Gimhae Airport, in the meantime, has been developed into an international airport linking 26 cities in 10 Asian countries by means of short to mid-range flights. Long-range flights to Singapore, India and Europe are currently on the anvil. Jeju Airport is focusing on attracting inbound tourists through the utilization of its sightseeing resources.
Basically, we have a two-track policy for international and domestic airports. For the former, we develop routes that can contribute to the local MICE industry. With regards to the latter, we build inter-regional networks and open up niche markets by providing cost-cutting incentives such as free parking and low-cost carrier backup.
How would you evaluate your current management theme, securing new growth engines abroad? Please detail relevant track records and future plans
During the past 30 years, the corporation has accumulated abundant knowledge and know-how in Korea in regards to airport management. We are now making use of resources for overseas R&D projects, which have begun to yield tangible results these days.
We have developed equipment indispensable for aviation safety, such as an instrument landing system. In addition, systems and other equipment have been exported to airports in 13 countries, including Istanbul International Airport, to fetch 19.5 billion won revenue. Such accomplishments brought us the glorious developer award at the 2010 Frost & Sullivan Asia Pacific Aerospace & Defense Award.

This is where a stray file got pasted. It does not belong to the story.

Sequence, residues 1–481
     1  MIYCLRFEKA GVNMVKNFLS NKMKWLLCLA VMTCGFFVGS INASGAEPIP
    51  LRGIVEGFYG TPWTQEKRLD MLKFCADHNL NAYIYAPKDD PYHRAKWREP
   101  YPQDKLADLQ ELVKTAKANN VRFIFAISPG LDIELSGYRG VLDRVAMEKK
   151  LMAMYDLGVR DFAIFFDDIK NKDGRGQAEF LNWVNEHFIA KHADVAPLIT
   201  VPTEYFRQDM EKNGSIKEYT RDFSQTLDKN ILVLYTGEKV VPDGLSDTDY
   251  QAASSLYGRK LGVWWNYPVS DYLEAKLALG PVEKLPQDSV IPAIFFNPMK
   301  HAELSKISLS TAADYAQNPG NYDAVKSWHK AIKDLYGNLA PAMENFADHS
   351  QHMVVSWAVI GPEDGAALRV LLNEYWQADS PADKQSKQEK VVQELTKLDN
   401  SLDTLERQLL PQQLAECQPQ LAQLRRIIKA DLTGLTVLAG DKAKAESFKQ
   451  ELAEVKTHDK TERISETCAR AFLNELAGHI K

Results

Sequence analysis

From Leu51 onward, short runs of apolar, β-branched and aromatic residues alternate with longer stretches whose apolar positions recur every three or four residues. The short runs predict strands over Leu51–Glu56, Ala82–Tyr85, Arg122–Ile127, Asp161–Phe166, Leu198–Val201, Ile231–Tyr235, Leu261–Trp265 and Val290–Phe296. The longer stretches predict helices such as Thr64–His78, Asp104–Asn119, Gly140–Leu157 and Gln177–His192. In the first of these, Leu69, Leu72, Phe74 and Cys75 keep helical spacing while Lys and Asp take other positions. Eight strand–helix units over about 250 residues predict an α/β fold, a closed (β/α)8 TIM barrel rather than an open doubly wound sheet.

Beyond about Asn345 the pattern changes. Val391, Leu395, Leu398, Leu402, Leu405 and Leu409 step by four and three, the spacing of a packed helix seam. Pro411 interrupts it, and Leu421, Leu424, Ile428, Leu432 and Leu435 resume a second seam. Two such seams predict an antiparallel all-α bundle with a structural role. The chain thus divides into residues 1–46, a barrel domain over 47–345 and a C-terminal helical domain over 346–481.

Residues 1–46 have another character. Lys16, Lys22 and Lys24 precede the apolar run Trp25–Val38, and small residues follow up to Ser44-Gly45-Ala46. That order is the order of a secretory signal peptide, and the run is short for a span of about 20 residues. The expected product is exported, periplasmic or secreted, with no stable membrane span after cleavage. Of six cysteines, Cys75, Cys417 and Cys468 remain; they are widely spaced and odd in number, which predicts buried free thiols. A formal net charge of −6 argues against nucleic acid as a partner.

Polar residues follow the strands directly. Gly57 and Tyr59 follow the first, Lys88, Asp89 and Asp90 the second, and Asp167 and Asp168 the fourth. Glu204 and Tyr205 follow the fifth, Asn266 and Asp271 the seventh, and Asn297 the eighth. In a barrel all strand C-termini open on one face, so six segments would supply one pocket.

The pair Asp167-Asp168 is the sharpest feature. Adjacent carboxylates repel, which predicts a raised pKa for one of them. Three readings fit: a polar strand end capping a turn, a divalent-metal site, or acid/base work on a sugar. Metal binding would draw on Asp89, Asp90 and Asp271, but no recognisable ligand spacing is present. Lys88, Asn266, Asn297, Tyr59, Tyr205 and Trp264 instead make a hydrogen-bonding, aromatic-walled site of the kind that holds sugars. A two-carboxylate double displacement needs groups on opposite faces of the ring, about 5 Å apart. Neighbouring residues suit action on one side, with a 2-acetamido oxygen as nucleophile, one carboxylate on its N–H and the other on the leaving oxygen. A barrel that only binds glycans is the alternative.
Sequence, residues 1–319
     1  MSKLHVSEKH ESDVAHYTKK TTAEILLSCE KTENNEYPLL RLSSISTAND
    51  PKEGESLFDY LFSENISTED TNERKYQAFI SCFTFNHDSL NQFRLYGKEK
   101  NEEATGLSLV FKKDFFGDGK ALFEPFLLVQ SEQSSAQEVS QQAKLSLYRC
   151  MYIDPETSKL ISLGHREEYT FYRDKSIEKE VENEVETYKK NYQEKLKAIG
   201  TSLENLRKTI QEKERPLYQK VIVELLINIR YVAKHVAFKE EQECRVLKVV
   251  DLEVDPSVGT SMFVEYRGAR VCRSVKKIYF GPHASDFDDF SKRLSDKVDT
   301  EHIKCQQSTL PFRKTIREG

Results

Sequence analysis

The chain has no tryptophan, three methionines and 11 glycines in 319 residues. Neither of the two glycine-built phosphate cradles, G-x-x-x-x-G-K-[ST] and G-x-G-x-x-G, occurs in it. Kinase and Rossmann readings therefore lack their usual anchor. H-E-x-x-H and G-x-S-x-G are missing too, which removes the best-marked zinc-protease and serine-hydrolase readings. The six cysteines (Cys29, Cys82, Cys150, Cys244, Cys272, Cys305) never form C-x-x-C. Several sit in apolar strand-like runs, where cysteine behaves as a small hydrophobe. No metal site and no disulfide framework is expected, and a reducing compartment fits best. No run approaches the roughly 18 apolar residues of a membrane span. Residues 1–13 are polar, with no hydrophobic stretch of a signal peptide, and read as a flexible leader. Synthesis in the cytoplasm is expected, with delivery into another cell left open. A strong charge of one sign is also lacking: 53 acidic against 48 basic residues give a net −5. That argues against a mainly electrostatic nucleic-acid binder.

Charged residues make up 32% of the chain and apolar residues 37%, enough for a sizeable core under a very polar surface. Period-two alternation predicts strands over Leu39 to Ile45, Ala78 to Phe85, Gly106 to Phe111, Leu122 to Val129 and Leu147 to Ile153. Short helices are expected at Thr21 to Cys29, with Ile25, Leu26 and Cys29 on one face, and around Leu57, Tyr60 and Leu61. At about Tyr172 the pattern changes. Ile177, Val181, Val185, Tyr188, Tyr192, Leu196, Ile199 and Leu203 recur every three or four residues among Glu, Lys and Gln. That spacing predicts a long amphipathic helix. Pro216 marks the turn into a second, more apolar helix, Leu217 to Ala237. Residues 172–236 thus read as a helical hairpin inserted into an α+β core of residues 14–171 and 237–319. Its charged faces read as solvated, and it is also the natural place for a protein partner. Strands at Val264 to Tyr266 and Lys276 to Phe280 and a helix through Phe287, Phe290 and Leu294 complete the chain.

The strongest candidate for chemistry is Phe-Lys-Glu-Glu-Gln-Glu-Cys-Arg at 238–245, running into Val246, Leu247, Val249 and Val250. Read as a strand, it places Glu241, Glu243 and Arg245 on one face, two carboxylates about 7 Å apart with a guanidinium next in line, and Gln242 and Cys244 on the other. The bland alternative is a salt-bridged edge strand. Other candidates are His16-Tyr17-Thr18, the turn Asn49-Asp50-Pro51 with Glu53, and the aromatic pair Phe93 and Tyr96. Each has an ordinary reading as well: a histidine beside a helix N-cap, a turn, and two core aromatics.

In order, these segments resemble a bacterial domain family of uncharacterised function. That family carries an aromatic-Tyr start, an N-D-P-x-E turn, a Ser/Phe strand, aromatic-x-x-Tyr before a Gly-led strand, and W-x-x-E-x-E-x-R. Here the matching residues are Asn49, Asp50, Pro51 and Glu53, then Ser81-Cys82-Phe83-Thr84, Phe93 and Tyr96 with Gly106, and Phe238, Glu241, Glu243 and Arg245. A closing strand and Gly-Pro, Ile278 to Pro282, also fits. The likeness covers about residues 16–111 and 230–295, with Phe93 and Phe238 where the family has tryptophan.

Building on our rich experience in airport operation, we are now engaged in airport construction, management and consulting in various regions. Our first such project was facility improvement back in 2007 at the Tivat International Airport in Montenegro, followed by modernization feasibility studies for Mactan Cebu International Airport and airport management consulting contracts for six Columbian airports. We will continue to form strategic alliances with major players in the industry and foreign airport operators so as to increase our presence in the sector. Our joint project with the Ministry of National Defense to build an international military flight training center overseas is currently in progress.
The efforts for global airport R&D, construction and management mentioned above will be KAC’s new future growth drivers and will account for approximately 30%, or 433 billion won, of our gross sales by 2020. The new growth tool will let us realize our aspiration of joining the ranks of world-class airport enterprises.
What is the corporation doing to better its aviation services and what part is considered a priority?
Our goal is to create higher value by providing top-class services to customers and complying with the most stringent safety standards.